Horta, or wild greens, are a staple in the Greek diet. There are tons of varieties all of which are most often boiled and served drizzled with olive oil and lemon juice. But most Greeks also enjoy eating these greens with a dollop of pungent skordalia, that ever-so garlicky Greek dip made with potatoes or bread. My father-in-law loves to eat his vlita (amaranth greens) smothered in skordalia; my mother-in-law … not so much. In fact, she scolds him that the subsequent smell (the inevitable result of eating this stuff) will deter anyone from coming within five feet of him. But I’ve got to admit, I eat skordalia every chance I get … and I don’t care one bit!
Case in point: we went out Saturday night with my sisters and friends to an Astoria taverna, Kyclades (owned by very good friends of ours) and ordered the “poikilia” or trio of Greek dips (tzatziki, skordalia and taramosalata). Most of our parea (that’s Greek for group, friends – you get the point) shied away from the garlicky stuff. Me, I dove headfirst (almost literally) into the silky skordalia and creamy tzatziki. How could anyone not?! And to be honest no one around me complained that I, well, allegedly stunk nor did I get a whiff of garlicky aftereffects from any of my fellow diners. Though the five carafes of wine may have had something to do with that …
Moving on … a quick trip to the fruit and vegetable market saw me bringing home bundles of fresh turnips and parsnips this morning. And my first instinct this afternoon was to transform these root vegetables into skordalia. And you know what? Who needs potatoes or bread in their skordalia when they could use these two beauties instead? This skordalia turned out utterly delicious … just make sure to roast the parsnips and turnips as I share below. It will make all the difference.
By the way: As I was making this and subsequently clicking away with my camera while photographing the dish, I was all the while thinking it was pretty much genius to use these root vegetables in place of potato or bread as in traditional skordalia. A quick search on Google.com as I began typing this post out, however, proved me wrong: take a look at Laurie’s Celery-Root Skordalia here, or the Maloufs’ Parsnip Skordalia here … they too sound fantastic. And there I was thinking I was SO darn creative …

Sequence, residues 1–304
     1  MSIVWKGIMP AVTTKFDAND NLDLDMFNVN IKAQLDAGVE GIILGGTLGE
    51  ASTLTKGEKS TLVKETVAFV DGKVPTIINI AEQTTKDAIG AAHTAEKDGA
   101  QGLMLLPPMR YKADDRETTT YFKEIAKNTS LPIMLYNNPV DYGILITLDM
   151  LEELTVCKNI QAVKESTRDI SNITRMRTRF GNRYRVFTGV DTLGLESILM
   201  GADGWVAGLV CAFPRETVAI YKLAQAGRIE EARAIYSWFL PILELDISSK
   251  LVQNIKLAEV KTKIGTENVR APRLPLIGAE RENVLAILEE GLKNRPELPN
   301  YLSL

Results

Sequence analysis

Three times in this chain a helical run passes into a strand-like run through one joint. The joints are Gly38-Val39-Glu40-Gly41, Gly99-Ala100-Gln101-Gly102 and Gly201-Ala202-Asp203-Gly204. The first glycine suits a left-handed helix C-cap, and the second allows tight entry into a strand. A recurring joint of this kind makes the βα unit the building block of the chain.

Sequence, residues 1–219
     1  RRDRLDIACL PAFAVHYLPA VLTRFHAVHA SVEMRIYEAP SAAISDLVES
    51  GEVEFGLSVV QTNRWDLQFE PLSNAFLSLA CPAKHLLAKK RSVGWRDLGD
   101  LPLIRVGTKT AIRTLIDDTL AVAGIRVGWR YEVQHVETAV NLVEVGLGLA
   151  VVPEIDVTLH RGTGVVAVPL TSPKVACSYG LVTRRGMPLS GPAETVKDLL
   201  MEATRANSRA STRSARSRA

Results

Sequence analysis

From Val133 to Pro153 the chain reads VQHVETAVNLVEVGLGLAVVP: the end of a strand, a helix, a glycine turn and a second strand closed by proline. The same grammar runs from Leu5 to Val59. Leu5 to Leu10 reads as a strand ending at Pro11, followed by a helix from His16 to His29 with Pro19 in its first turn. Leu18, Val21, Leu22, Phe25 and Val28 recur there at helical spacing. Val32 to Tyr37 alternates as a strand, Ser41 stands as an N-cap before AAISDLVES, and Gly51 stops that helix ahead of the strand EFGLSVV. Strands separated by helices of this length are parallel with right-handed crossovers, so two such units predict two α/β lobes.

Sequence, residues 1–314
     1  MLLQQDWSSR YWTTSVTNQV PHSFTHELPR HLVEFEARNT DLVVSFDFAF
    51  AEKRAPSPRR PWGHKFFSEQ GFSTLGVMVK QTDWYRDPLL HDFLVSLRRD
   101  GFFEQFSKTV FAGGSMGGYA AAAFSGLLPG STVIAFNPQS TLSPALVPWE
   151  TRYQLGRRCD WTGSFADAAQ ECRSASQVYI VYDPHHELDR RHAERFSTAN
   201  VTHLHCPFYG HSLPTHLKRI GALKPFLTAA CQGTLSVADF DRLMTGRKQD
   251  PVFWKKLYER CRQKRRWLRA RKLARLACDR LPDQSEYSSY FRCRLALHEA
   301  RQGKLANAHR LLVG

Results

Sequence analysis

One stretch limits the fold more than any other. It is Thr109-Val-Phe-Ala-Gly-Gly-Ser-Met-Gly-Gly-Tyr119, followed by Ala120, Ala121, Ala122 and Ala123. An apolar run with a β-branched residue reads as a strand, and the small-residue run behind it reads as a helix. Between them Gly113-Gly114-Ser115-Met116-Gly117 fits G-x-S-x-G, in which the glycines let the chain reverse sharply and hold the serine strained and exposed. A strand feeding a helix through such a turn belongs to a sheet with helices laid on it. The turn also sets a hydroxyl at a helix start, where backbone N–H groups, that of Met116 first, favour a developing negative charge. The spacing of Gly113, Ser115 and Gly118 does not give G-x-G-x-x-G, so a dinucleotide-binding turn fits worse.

Dandelion Greens with Roasted Parsnip and Turnip Skordalia
3 lbs. dandelion greens
3 turnips, peeled and cut into large chunks
1 large parsnip, peeled and cut into large chunks
3 cloves of garlic
1 teaspoon red wine vinegar
Olive oil (about 1/4 cup)
Pinch of crushed red pepper flakes
Salt and freshly ground pepper, to taste
Bring a large pot of salted water to boil. Meanwhile, trim the dandelion greens and rinse them well to remove all dirt and grit. (Tip: I like to fill my kitchen sink with cold water and let the dandelion greens float around, allowing the grit and dirt to sink to the bottom. I soak them this way two, sometimes three times, to be sure they’re clean.) Place the dandelion greens in the pot of boiling water and cook the greens for about 15 minutes. Empty the greens into a colander, then rinse under cold water and finally drain well. Push gently down on the greens to remove excess water. Set the greens aside.
For the Skordalia: Heat oven to 375 degrees. Toss the turnips and parsnip in some olive oil and season with salt and pepper. Place them in a baking dish and roast until tender and light golden. Let the vegetables cool. Place the roasted turnips and parsnip into the bowl of a food processor along with the garlic, crushed red pepper flakes and vinegar. Process the vegetables and with the motor on, begin adding the olive oil. Process the mixture until smooth and well combined. Add additional olive oil as necessary. Adjust seasonings and serve alongside dandelion greens.